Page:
The Equality Act calls for amending existing federal civil rights laws to add nondiscrimination language protecting LGBTQ people in areas such as employment, housing, and public accommodations. The U.S. House approved the legislation, but the Senate has yet to act on it.

“We wanted this to be a theological statement, not a political statement,” DeBernardo said.

He said organizers of the project to prepare the statement plan to send it, among other places, to the Vatican in Rome and to the U.S. Conference of Catholic Bishops, which has expressed opposition to the Equality Act.

Among the key signers of the statement were 242 administrators, faculty, and staff from Sacred Heart University, a Catholic college in Bridgeport, Conn. New Ways Ministries says the statement was circulated by the school’s administration and eight of its top leaders, including President John Petillo, are among the signers.

Some of the prominent writers who signed the statement include Sister Helen Prejean, author of “Dead Man Walking;” Richard Rodriquez, author of “Hunger of Memory;” Gary Wills, author of “Lincoln at Gettysburg;” and Gregory Maguire, author of “Wicked.”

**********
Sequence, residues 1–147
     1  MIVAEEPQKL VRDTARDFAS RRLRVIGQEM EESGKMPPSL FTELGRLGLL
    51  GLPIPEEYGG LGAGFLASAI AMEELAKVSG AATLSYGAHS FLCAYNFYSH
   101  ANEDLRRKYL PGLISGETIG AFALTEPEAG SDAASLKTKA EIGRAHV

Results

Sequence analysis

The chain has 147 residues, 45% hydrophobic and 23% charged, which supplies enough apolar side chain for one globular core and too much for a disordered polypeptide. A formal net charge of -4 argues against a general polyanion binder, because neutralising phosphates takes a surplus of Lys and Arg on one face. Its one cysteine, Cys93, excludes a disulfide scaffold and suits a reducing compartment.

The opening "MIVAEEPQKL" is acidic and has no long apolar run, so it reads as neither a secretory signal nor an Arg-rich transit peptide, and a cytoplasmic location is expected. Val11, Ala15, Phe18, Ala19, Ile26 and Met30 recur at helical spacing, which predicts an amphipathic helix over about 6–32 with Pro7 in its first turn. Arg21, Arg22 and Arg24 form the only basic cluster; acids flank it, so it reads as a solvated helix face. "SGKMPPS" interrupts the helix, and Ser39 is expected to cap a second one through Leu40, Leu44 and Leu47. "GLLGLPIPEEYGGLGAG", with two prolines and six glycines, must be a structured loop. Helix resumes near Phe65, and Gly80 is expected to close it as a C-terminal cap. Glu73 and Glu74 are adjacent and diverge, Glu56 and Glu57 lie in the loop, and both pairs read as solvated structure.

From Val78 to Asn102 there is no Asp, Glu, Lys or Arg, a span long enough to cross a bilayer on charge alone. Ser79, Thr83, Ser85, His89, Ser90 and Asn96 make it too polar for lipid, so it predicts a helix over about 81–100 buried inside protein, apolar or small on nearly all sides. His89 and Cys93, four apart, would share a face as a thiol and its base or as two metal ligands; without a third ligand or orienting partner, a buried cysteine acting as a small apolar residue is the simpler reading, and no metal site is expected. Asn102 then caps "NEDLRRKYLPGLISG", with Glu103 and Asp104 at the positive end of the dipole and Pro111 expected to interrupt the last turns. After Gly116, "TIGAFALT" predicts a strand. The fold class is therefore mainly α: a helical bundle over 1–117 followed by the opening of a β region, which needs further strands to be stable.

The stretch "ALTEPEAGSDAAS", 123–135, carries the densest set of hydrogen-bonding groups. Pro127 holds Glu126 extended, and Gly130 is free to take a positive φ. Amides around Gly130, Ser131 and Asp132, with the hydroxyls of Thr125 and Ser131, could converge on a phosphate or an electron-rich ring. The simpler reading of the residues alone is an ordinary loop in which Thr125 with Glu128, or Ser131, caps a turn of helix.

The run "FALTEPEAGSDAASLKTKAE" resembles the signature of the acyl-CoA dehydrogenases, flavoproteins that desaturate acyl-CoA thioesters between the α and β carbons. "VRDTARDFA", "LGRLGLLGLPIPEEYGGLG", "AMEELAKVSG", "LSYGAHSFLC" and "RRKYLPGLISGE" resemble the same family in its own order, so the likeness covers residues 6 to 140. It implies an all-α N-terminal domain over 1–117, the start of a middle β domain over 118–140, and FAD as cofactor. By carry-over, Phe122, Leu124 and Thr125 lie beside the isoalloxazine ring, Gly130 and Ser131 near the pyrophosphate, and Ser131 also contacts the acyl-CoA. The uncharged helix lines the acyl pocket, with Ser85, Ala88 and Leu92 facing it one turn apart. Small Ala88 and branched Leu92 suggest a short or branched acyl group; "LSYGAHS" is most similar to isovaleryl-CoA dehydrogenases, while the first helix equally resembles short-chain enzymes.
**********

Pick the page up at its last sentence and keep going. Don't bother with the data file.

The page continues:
The full text of the statement and its list of signatories can be accessed at the New Ways Ministry website.

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Activists reflect on Black Trans Lives Matter movement resurgence

Blade speaks with Alex Santiago, Jasmyne Cannick

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An I Am Human Foundation billboard along Atlanta's Downtown Connector expressway on Feb. 22, 2021. (Washington Blade photo by Michael K. Lavers)